A tangential issue: management differences across sectors

After writing two posts on what an MPA is and why I got one, I’ve been thinking about a tangentially related issue: management differences between private businesses, nonprofits/NGOs, and the public sector. This is a topic that deserves more comments later, but a few brief thoughts follow.

Many people from the world of private business world look down on the management of NGOs, nonprofits, government agencies, and other social mission organizations. Is the condescension justified? I don’t think so. Of course, there are lessons that organizations of all types can learn from one another.

However, most commentary from successful private sector leaders tends to completely miss two major points:

First, social mission organizations have different goals and face dramatically different constraints than private businesses.

Almost by definition. These differences dictate many of the inefficiencies that those in the private sector look down upon. I summarized such differences in a previous post:

These include the difficulty of determining impact when your goal is not measured in dollars (as it is for a business) and the range of stakeholders you must be accountable to when the money comes from one place (donors) and the services/products go someplace else (beneficiaries). The challenges actually are unique. Business principles are useful and the development sector can learn from multinational corporations, but simply mimicking them is not enough. The principles have to be translated. That’s the hard part.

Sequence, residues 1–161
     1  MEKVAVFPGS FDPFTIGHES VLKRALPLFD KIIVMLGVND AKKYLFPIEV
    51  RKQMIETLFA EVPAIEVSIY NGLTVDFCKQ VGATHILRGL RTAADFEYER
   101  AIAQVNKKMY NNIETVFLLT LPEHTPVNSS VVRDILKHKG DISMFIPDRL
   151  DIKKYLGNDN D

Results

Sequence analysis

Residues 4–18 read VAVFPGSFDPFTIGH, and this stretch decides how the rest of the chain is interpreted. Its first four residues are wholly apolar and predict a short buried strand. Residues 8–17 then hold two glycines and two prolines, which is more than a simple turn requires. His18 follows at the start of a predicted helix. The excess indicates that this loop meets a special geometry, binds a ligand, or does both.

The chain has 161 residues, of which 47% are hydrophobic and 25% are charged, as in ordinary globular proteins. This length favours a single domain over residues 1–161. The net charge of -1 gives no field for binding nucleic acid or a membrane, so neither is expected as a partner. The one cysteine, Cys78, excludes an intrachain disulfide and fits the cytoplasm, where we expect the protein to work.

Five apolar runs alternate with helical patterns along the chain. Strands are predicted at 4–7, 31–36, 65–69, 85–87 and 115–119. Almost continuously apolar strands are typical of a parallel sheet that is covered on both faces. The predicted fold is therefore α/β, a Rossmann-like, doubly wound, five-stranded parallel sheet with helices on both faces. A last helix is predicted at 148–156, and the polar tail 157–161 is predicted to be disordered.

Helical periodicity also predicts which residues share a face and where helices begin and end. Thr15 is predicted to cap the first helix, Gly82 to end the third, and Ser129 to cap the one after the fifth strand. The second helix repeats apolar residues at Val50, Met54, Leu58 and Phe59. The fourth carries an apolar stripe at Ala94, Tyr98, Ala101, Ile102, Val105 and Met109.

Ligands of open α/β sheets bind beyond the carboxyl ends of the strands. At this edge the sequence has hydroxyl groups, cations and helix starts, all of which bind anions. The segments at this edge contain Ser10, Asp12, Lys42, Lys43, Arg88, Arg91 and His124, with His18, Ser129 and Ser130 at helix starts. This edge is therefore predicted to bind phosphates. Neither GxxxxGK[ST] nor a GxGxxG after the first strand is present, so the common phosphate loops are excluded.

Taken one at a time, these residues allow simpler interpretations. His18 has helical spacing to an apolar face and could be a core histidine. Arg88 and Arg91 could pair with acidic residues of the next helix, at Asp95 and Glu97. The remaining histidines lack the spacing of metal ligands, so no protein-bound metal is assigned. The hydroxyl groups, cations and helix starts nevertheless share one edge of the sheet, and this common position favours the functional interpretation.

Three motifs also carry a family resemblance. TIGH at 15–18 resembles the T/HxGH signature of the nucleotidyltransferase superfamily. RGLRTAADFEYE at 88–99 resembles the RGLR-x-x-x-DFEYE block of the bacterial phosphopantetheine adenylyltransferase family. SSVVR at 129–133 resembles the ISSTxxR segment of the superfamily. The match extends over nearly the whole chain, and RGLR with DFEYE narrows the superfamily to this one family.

J. made a similar point in reaction to a recent WSJ column that typifies private sector commentary on international aid and development.

Second, the private sector has more than its share of crappy management and market failures.

I’m pretty sure the movie Office Space is so popular because everyone has had a terrible job with a terrible boss at some point. They don’t make similar movies about the NGO sector. The private sector has plenty of bad managers, organizational failures and scandals. As Tobias Denskus pointed out in response to the aforementioned WSJ piece, it’s a bit surprising for a former financial executive to complain about perverse incentives in the aid industry.

Why would you group together every failure at NGOs and conclude that the whole sector is broken? Would you draw the same conclusion about the private sector based on scandals at Enron, WorldCom, Tyco, McKinsey, Adelphia, and a whole lot more? Actually, I guess some people would…